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The Art of Jerome Myers
Nov, 22, 2021
The Art of Jerome Myers
Born in 1867 in Virginia, American painter Jerome Myers grew up in what he called “desperate poverty.” His father was largely absent, providing little to no financial support for the family, and when his mother was hospitalized for health concerns, Myers and his siblings spent time in foster care until she recuperated, further upending their home life in ways that would later shape his work.
Myers began painting and sketching at just 11 years old. When his family moved to Baltimore some years later, he used his artistic skills to help his older brother start a sign-painting business. In 1886, the family moved again, this time to New York City, where Myers worked at a theater as a scene painter and enrolled in Cooper Union. The following year, he joined the Art Students League. But it wasn’t until he traveled to Paris to continue his studies that Myers realized his true calling—to return to New York City and document the vibrant, chaotic life of working-class and immigrant neighborhoods.
On his return to the Big Apple, Myers began a long career dedicated to creating empathetic and sentimental city scenes informed by his own childhood experiences. Of these views, Myers once wrote, “Others saw ugliness and degradation there, I saw poetry and beauty.” Throughout his life, he exhibited his paintings and etchings nationally and received numerous awards from institutions like the National Academy of Design and the Carnegie Institute. He passed away in 1940 in New York City.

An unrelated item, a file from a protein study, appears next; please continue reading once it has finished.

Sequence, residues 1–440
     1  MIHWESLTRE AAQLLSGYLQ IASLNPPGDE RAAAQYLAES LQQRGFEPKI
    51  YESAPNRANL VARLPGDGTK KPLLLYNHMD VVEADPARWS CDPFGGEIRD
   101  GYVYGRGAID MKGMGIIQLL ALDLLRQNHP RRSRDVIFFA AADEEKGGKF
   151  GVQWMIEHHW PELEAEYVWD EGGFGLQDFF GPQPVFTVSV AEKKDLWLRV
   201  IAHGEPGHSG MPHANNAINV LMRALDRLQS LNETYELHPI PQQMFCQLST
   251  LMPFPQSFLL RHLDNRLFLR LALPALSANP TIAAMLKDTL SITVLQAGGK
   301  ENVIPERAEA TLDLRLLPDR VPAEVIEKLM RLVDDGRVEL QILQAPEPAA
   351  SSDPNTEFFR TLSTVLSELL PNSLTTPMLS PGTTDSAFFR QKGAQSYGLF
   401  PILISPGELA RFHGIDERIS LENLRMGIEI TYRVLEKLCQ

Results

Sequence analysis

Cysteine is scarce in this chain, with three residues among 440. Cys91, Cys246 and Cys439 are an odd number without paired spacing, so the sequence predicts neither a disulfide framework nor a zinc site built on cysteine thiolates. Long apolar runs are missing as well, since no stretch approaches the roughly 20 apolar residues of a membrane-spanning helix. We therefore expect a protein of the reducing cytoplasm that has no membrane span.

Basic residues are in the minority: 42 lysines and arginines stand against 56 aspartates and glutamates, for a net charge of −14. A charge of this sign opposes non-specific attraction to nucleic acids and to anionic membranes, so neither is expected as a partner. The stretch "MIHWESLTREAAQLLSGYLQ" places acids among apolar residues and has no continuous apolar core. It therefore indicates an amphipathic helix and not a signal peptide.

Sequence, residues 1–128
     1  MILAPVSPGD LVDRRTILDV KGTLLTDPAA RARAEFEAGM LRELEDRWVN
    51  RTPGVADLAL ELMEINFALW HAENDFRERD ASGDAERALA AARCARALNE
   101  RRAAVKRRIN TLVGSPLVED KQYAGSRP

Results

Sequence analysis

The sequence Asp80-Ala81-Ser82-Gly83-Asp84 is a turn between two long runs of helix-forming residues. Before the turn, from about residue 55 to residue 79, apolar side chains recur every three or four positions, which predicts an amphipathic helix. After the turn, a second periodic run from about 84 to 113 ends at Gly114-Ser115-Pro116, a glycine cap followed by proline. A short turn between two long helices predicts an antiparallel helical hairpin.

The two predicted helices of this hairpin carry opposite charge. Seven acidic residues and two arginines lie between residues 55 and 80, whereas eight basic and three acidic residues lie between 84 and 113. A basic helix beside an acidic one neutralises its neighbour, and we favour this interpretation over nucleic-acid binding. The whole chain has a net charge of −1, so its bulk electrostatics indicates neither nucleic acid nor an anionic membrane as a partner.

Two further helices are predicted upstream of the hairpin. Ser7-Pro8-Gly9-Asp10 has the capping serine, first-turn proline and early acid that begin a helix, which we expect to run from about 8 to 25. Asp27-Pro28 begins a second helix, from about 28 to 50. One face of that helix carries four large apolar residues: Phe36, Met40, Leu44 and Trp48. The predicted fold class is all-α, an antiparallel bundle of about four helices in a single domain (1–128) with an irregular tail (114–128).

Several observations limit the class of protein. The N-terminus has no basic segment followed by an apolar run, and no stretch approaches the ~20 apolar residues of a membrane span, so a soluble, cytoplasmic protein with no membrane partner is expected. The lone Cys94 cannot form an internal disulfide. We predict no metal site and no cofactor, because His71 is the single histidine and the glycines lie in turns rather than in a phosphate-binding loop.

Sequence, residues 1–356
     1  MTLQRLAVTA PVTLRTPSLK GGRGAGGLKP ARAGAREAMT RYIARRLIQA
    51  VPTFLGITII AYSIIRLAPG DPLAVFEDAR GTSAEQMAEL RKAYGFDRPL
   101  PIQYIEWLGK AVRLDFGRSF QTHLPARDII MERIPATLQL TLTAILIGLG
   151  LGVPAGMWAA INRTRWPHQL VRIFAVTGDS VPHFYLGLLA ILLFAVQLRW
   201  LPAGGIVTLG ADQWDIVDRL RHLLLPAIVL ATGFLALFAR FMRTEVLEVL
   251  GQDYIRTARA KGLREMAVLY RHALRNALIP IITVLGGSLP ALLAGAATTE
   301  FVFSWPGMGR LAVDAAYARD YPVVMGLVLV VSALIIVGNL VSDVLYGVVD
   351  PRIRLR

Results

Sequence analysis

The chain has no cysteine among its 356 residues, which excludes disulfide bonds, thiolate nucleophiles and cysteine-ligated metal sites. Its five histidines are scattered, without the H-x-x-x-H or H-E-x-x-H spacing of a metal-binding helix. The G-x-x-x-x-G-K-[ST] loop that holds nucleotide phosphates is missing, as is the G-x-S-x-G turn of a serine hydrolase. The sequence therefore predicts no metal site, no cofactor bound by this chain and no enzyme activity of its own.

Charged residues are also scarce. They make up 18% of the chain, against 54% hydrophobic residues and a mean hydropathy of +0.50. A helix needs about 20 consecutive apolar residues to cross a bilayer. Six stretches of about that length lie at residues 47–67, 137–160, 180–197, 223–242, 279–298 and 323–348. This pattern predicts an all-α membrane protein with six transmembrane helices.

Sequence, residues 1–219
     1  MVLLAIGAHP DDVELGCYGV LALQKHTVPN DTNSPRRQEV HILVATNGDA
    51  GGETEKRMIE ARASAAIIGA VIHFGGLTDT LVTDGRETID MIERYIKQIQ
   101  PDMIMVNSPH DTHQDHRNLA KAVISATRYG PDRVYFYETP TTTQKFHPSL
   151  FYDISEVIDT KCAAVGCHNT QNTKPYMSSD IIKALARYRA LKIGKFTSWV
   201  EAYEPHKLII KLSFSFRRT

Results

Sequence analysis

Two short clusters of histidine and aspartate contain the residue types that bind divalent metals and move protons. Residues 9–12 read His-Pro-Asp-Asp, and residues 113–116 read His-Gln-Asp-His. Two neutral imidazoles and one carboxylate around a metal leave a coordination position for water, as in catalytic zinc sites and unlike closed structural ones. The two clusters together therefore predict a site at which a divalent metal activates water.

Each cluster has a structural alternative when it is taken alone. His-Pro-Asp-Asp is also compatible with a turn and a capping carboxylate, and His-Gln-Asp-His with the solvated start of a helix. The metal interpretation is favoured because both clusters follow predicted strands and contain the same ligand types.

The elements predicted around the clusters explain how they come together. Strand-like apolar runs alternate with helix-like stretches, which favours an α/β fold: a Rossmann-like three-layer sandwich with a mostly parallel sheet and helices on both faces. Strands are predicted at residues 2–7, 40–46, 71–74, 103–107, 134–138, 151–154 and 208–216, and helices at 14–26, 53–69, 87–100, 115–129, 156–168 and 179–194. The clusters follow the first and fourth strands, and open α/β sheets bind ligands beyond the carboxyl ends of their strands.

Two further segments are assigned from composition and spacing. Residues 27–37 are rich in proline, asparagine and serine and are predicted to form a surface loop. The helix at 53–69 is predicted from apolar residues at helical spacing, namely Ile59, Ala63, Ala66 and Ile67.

Myers’ etchings in the PhxArt Collection, a few of which are featured here, depict the simple, commonplace moments of city life that so many of us missed as millions quarantined and isolated throughout the past year and a half of pandemic. As we contemplate these scenes—of a lemon vendor selling their wares, a Mott Street ice-cream man handing out sticky-sweet specialties, and two people resting on a Central Park bench during a quiet moment—we are reminded to never again take for granted our surrounding communities of neighbors and friends, strangers and acquaintances that contribute to the comforting hum our lives.
On behalf of everyone at Phoenix Art Museum, we extend our heartfelt gratitude to our loyal Members and supporters, our generous donors and community partners, our families and our friends, this holiday season and every season.
Jerome Myers, The Lemon Vendor (El vendedor de limones), not dated. Etching. Gift of Mr. Jonathan Marshall.
Jerome Myers, In Madison Square (En Madison Square), not dated. Etching. Gift of Mr. Jonathan Marshall.
Jerome Myers, Lawyer and Client (Abogado y cliente), 1915. Etching. Gift of Mr. Jonathan Marshall.
Jerome Myers, On Mott Street, N.Y.C. (En Mott Street, Cd. de Nueva York), 1915. Etching. Gift of Mr. Jonathan Marshall.